What did your career in law teach you about work-life, balance?

I don’t think I knew about balance back in those days. I was really wired on coffee and sugar, and that honestly took its tole on my body, and I ran into some health issues. I think my body was trying to talk to me, but I just wasn’t paying attention. I didn’t have time to pay attention. I was too busy billing hours in my previous life (laughs). So today, I have given up coffee altogether, which is really big for me because I use to drink four to five cups a day. I have replaced that with herbal teas and I feel a lot more balanced. I have also tried to cut back on sugar as well. I also take more breaks where before, I would have never thought of leaving my desk mid-afternoon to walk my dog. So today, I have found more of an equilibrium and balance in my life.

Are there any other challenges you face as an author and writer?

Oh yes, there are many! The first one is fear; fear of what I’m writing might not be good enough or not be entertaining or interesting. When you are spending a year writing a piece of fiction without getting any honest feedback, it’s a bit frightening. I also face resistance everyday, staring at a blank page, I wonder if I’ll have any good ideas. Then, I also have to try to get my work out there and to stay current, and relevant. So it becomes almost like a small business. You have to think about marketing, you have to think about creating, and then there’s the financial aspect as well, along with competition. So just like any business, there’s a lot of issues I have to face on a daily basis.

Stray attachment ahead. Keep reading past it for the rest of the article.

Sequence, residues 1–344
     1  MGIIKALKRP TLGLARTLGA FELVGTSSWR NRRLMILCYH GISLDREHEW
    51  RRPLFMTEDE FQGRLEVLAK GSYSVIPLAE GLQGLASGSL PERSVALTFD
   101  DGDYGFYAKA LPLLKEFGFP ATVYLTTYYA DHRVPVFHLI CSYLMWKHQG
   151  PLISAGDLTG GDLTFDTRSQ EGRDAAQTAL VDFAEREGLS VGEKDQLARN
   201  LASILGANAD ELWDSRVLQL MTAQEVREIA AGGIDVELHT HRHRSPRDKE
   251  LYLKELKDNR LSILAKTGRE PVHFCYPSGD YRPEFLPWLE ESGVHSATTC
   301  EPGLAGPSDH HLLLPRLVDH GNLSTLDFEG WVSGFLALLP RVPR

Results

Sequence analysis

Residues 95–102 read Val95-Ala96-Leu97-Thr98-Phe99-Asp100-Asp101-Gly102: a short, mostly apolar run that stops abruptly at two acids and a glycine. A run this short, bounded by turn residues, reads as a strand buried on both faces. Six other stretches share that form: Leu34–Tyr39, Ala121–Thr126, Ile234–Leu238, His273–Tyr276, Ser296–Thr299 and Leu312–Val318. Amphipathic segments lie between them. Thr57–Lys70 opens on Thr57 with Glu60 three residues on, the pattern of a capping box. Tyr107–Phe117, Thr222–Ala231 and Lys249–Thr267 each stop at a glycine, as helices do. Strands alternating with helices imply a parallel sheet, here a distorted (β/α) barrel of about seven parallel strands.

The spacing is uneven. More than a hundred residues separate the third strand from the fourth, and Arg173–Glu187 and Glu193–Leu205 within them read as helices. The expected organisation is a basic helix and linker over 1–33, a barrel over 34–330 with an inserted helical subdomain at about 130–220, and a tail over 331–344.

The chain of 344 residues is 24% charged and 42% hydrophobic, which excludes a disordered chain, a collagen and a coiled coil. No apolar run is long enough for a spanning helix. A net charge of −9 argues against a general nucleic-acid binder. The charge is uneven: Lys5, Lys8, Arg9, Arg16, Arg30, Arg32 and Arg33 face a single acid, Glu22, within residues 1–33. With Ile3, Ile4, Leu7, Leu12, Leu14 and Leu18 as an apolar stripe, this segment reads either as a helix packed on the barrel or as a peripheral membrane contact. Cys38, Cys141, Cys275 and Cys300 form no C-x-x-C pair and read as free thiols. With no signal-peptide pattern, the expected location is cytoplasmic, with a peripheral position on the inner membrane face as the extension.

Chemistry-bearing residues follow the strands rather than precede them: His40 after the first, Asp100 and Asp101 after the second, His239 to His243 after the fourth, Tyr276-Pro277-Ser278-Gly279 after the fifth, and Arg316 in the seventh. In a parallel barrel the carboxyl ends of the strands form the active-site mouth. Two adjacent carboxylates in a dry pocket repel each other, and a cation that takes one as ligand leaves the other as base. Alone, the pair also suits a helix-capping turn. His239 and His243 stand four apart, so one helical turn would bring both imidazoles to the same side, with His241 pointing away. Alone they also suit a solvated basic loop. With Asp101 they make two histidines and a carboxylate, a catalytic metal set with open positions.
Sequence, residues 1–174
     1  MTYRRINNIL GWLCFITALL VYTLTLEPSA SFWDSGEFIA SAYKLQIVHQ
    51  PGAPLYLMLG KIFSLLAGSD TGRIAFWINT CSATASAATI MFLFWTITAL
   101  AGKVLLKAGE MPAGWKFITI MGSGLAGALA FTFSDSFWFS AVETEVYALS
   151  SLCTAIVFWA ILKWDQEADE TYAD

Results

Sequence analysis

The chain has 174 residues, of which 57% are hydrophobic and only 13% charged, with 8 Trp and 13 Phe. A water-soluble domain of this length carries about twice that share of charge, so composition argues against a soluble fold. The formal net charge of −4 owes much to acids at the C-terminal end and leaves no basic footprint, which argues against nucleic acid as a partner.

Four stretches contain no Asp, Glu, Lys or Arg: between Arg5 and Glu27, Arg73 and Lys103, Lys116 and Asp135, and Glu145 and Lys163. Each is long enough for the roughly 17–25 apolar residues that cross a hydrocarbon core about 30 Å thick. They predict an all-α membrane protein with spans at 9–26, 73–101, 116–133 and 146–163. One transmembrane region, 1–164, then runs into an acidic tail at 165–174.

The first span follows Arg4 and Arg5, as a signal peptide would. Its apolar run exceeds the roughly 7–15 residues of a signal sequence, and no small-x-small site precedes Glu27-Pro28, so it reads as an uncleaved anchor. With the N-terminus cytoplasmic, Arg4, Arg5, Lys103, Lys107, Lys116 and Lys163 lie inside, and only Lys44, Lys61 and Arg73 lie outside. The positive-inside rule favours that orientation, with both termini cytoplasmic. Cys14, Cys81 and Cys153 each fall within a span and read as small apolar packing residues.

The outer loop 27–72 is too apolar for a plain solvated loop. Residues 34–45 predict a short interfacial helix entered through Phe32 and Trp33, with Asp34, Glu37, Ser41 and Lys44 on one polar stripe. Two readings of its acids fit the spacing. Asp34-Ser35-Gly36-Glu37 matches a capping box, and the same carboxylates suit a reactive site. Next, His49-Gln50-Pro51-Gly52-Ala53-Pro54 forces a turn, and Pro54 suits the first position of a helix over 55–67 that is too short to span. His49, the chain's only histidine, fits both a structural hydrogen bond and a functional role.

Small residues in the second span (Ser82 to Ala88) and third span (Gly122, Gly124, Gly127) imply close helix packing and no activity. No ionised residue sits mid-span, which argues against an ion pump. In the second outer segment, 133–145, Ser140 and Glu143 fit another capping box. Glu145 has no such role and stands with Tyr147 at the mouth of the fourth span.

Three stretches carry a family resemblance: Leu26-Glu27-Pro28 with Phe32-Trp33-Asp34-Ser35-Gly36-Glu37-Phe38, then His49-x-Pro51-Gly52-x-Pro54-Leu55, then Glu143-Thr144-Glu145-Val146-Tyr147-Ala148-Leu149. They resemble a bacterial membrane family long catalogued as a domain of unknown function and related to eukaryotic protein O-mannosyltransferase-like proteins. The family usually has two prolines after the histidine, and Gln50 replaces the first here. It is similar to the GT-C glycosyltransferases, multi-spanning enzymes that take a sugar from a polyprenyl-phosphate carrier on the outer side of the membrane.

How do you overcome these challenges?

The yoga and meditation really do help to quell the fear and walking my dog as well. It’s also helpful to collaborate and communicate, and to be a part of a writers community. I have a lot of friends who are writers, so when we get together whether it’s at a bookfair or just for coffee, I find it’s very soothing for me to talk about these things. I’m also a part of some Facebook groups and online groups for writers and they share articles and blog posts about these problems and it’s also very helpful. I also read a tremendous amount of books about writing and the writing life. One of my biggest tools is actually a book by Steven Pressfield called to The War of Art. I keep it on my desk and it’s a very small book, but it’s very powerful for me. And sometimes, I’ll just flip through it and I’ll stop on a page and it often relates to what I’m going through like fear and resistance.

How do you like to unwind?

In addition to doing yoga, I love to take walks in nature and getting together with friends. I like to read, go see movies and watch some fiction on television. I also like to travel, but I haven’t been traveling much lately (laughs).

Choose one: wine or cocktails?

I would have to say wine, but I have been drinking less. I love a good cup of chai, that’s sort of my thing.

What is the best advice you have ever received?

Well aside from the psychic’s advice to start writing (laughs), I think to not be afraid to shine was an important piece of advice. We tend to be fearful of our power. There’s a quote by Marianne Wilson that I love and I will paraphrase, but she says our biggest fear is not that we are incapable of doing things. Our biggest fear is that we are powerful beyond measure. It’s a quote that I love and I think goes back to some of my own fears. I think by hiding our strengths and our talents we’re not doing anyone a favour. We should all be out there shining as much as we can, because it somehow gives others permission to do so too.

How do you define success?

We live in turbulent times and the definition of success to me has certainly evolved. It’s not a title, it’s not about money or obtaining a certain level of financial power; it’s really about living in joy. If you live a life with meaning and you’re really happy about putting things out there in the world, I think that is the definition of success.

Do you know someone we should feature in this segment? Send an email to Jennifer@picoum.com

This article has been edited and condensed for clarity.